When you're finished using your computer, it's important to turn it off properly—not only to save energy, but also to help keep your computer more secure and to ensure that your data is saved. There are three ways to turn off your computer: pressing your computer's power button, using the Shut down button (sometimes called the Power button) on the Start menu, and, if you have a laptop, closing the lid.
When you click Shut down, your computer closes all open programs, along with Windows itself, and then completely turns off your computer and display. Shutting down doesn't save your work, so you must save your files first.
By default, the Shut down button shuts down your computer. But you can change what happens when you click that button.
Open Taskbar and Start Menu Properties by clicking the Start button , clicking Control Panel, clicking Appearance and Personalization, and then clicking Taskbar and Start Menu.
Click the Start Menu tab.
In the Power button action list, click an item, and then click OK.
If you're connected to a network domain, it's possible that settings made by your network administrator (Group Policy settings) will prevent you from completing the previous steps.
There's one other form that the Shut down button can take. If you've set your computer to receive automatic updates, and the updates are ready to be installed, the Shut down button will look like this:
In this case, when you click the Shut down button, Windows installs the updates and then shuts down your computer.
Starting your computer after it has been shut down takes longer than waking your computer from sleep.
You can put your computer into sleep mode instead of shutting it down. When your computer is asleep, the display turns off and often the computer's fan stops. Usually, a light on the outside of your computer case blinks or turns yellow to indicate that the computer is asleep. The whole process takes only a few seconds.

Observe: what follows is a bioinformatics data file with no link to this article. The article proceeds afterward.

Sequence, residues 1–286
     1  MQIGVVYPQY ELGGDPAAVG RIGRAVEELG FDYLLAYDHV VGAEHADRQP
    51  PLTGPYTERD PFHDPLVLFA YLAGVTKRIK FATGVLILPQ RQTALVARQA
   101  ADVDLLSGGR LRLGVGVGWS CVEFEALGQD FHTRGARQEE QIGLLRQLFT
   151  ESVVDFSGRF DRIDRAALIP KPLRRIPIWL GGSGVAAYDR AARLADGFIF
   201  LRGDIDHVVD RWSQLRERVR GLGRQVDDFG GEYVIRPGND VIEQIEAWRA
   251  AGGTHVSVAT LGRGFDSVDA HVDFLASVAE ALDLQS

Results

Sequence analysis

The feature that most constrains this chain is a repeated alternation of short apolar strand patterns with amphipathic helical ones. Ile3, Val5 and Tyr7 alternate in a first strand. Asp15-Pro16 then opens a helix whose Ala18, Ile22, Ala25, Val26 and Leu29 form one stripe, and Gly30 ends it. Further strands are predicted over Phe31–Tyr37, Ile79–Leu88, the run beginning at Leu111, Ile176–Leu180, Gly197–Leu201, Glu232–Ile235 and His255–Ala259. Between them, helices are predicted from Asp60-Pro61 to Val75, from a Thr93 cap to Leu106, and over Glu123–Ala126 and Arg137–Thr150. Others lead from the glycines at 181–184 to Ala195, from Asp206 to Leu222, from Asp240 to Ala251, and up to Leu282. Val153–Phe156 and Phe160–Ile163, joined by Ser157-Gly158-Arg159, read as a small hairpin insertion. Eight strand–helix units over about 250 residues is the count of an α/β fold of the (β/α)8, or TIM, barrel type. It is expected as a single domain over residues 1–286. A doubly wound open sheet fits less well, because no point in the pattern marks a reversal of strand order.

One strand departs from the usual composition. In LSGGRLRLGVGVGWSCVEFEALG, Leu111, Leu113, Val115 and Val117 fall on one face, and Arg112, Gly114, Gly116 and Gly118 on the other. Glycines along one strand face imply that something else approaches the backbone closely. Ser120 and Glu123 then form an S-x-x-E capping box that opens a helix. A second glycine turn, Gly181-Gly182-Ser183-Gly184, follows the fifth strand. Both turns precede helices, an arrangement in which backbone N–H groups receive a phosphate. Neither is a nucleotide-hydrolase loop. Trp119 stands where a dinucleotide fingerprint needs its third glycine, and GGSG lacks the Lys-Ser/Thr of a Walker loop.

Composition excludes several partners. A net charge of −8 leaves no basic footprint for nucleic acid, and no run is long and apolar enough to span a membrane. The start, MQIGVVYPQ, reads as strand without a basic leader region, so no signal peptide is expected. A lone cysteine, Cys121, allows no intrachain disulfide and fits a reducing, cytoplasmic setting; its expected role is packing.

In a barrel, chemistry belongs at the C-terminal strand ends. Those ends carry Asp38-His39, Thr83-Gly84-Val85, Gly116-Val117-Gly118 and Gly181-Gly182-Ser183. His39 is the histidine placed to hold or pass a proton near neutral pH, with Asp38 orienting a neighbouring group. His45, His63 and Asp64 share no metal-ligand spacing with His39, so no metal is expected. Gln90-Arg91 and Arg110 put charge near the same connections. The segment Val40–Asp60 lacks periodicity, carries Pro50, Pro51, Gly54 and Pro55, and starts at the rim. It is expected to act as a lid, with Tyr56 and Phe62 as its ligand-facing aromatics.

Because Windows will remember what you were doing, there's no need to close your programs and files before putting your computer into sleep mode. But it's always a good idea to save your work before putting the computer into any low-power mode. The next time you turn on your computer (and enter your password, if required), the screen will look exactly as it did when you turned off your computer.
To wake your computer, press the power button on your computer case. Because you don't have to wait for Windows to start, your computer wakes within seconds and you can resume work almost immediately.
When your computer is asleep, it uses a very small amount of power to maintain your work in its memory. If you're using a laptop, don't worry—the battery won't be drained. After the computer has been sleeping for several hours, or if the battery is running low, your work is saved to the hard disk, and then your computer turns off completely, drawing no power.
Even though putting your computer into sleep mode is the fastest way to turn it off and the best option for resuming work quickly, there are certain times when you need to shut down:
When you're adding or upgrading the hardware inside your computer—such as installing memory, a disk drive, a sound card, or a video card. Shut down the computer, and then disconnect it from its power source before proceeding with the upgrade.
When you're adding a printer, monitor, external drive, or other hardware device that doesn't connect to a USB or IEEE 1394 port on your computer. Shut down the computer before connecting the device.
When adding hardware that uses a USB cable, you don't need to turn off the computer first. Most newer devices use USB cables. A USB cable looks like this:
If you have a laptop, there's an even easier way to turn off your computer: Close the lid. You can choose whether your computer sleeps, shuts down, or enters another power-saving state. See Change what happens when you close your laptop.
If you prefer, you can turn off your laptop by pressing the power button on its case. See Change what happens when you press the power button on your computer.